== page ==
P = cat(3, X,Y)
(Y1,X1) = meshgrid(1:n+1,1:n+1)
P1 = cat(3, X1,Y1);

Defines the warping operator $\Ww_U$.

In [19]:
W =  (f, U) -> myinterp(P1, extend(f), periodic(P - U));

Display a warped image $\Ww_{\rho U}(f)$ for some scaling $\rho$.

In [20]:
rho = 2
figure(figsize = (5,5))
imageplot(W(f, rho*U))

Exercise 1

Display $\Ww_{\rho U}(f)$ for various values of $\rho$.

In [21]:
include("NtSolutions/graphics_5_fluids/exo1.jl")
In [22]:
## Insert your code here.

Exercise 2

Define an iterative scheme via: $$ f^{(\ell+1)} = \Ww_{\rho U}(f^{(\ell)}). $$ Display the result $f^{(\ell)}$, which corresponds approximately to solving an advection equation at time $t=\ell \rho$.

In [23]:
include("NtSolutions/graphics_5_fluids/exo2.jl")
In [24]:
## Insert your code here.

Fluid Dynamics

Fluid dynamics solves the incompressible Navier-Stokes equations to evolve in time the vector field.

We discribe here a simple algorithm introduced in:

J. Stam, Stable Fluids, SIGGRAPH'99, 1999, p. 121-128.

It proposes a semi-implicit scheme for the resolution of the Navier Stockes equations for the movement of incompressible fluids $$ \pd{V}{t} = \text{Proj}_{\Ii}\pa{ -(V \cdot \nabla) V + \nu \Delta V + W }. $$ Here $\nu \geq 0$ is the viscosity of the fluid, $W$ is a source term, $\Delta$ is the Laplacian, and $-(V \cdot \nabla) V$ is the non-linear self-advection, where we have used the short-hand notation $V \cdot \nabla$ for the derivative operator along a flow $V$: $$ (V \cdot \nabla)U = ( V_1 \pd{U_1}{x_1} + V_2 \pd{U_1}{x_2}, V_1 \pd{U_2}{x_1} + V_2 \pd{U_2}{x_2} ).$$

In order to visualize the flow, we also advect and diffuse along the flow a density $g$ of particules, which is a scalar field. Once $V$ has been computed, it follows a linear PDE $$ \pd{g}{t} = -(V \cdot \nabla) g + \mu \Delta g + h $$ with some initial condition at time $t=0$, where $h$ is a source for the density.

In practice, we solve this PDE in parallel to the PDE for $V$.

In the following, we use $W=0$ and $h=0$ (no sources).

Set the viscosity $\nu$ for the velocity field.

In [25]:
nu = 1/10
Out[25]:
0.1

We use a larger viscosity $\mu$ for the evolution of the density of particules.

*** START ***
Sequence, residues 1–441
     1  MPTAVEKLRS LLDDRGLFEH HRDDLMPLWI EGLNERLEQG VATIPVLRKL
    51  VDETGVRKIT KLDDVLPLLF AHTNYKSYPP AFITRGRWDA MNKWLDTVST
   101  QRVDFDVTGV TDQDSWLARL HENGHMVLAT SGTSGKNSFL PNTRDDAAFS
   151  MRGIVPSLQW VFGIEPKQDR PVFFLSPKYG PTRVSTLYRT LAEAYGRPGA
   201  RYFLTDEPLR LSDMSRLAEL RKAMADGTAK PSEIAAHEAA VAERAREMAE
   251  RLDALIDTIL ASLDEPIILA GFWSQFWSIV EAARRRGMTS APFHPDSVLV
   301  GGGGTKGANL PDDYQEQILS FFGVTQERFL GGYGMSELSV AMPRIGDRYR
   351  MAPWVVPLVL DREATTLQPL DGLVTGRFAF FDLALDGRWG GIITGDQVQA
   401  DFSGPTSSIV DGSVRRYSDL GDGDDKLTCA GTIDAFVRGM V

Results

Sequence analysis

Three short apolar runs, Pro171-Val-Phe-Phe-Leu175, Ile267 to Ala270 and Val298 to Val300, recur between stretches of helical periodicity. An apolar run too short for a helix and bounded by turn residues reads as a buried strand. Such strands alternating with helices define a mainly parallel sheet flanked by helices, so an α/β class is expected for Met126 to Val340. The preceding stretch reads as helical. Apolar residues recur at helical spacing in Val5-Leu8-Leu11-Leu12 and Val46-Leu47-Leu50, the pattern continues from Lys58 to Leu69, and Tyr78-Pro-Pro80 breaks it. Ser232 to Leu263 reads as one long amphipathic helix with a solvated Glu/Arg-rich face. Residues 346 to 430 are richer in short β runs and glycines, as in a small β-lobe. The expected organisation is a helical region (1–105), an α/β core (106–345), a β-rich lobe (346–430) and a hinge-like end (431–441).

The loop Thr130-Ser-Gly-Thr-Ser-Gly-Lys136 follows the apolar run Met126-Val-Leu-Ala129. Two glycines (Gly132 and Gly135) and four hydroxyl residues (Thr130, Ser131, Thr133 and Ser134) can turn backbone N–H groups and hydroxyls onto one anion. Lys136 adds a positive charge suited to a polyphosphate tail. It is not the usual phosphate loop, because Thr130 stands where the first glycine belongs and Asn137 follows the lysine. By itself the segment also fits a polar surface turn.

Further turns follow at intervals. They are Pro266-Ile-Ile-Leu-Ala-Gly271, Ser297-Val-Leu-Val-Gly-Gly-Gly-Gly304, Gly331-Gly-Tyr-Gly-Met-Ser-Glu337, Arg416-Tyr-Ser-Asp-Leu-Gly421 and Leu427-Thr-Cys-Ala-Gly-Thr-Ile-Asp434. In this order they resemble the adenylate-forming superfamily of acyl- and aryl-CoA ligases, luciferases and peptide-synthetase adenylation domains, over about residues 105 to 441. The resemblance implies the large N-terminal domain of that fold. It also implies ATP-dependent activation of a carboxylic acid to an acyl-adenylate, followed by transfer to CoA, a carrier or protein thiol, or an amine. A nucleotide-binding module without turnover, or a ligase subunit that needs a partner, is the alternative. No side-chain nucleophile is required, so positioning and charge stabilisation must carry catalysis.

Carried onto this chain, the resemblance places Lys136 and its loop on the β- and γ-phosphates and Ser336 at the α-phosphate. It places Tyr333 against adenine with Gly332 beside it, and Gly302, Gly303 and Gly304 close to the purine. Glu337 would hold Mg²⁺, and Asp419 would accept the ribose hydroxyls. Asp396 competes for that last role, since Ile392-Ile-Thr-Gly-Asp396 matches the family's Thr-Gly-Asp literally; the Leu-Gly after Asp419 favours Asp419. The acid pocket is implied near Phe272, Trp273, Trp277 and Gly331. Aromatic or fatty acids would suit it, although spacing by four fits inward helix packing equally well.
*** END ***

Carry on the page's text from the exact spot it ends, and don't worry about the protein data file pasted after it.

In [26]:
mu = 2*nu
Out[26]:
0.2

Extend the warping operator $\Ww_U$ to work with vector fields as input. This will apply $\Ww_U$ on each channel of the vector field (X and Y coordinates).

In [27]:
Wt = (V,U) -> cat(3, W(V[:,:,1],U), W(V[:,:,2],U) );

We discretize the PDE's using some time step $\tau$.

In [28]:
tau = .5;

The algorithm computes $V^{(\ell)}$ at iteration $\ell$ which is an approximation of the PDE solution at time $\ell \tau$. It is computed itertatively as $$ \tilde V^{(\ell)} = \Ww_{\tau V^{(\ell)}}( V^{(\ell)} ) \qandq V^{(\ell+1)} = \text{Proj}_{\Ii}\pa{ \tilde V^{(\ell)} + \tau\nu\Delta \tilde V^{(\ell)} + \tau W } $$

It computes in parallel the evolution of the density as $$ \tilde g^{(\ell)} = \Ww_{\tau V^{(\ell)}}( g^{(\ell)} ) \qandq g^{(\ell+1)} = \tilde g^{(\ell)} + \tau\nu\Delta \tilde g^{(\ell)} + \tau h $$

Set the initial field $V=V^{(0)}$ at time $t=0$.

In [29]:
V = Normalize(ProjI(V));

Set the initial density $g=g^{(0)}$ at time $t=0$.

In [30]:
g = copy(f);

The first step is to advect the vector field $V$ and $g$ along the flow $V$ itself. This corresponds to an implict discretization of the term $-(V \cdot \nabla) V$.

In [31]:
g = W(g, tau*U)
V = Wt(V, tau*U);

We implement the Laplacian using finite difference.

In [32]:
s1 = [2:n; 1]; s2 = [n; 1:n-1];

function Delta(g)
    delta = 1/4.*(g[s1,:,:] + g[s2,:,:] + g[:,s1,:] + g[:,s2,:]) - g
    if size(delta,3)==1
        delta = delta[:,:,1] 
    end
    return delta
end;

The second step is to diffuse the vector field and the density.

In [33]:
V = V + tau*nu*Delta(V)
g = g + tau*mu*Delta(g);

The last step is to ensure incompressibility of $V$ by projecting on $\Ii$.

In [34]:
V = ProjI(V);

Exercise 3

Compute the fluid dynamic by iterating these steps.

In [35]:
include("NtSolutions/graphics_5_fluids/exo3.jl")
In [36]:
## Insert your code here.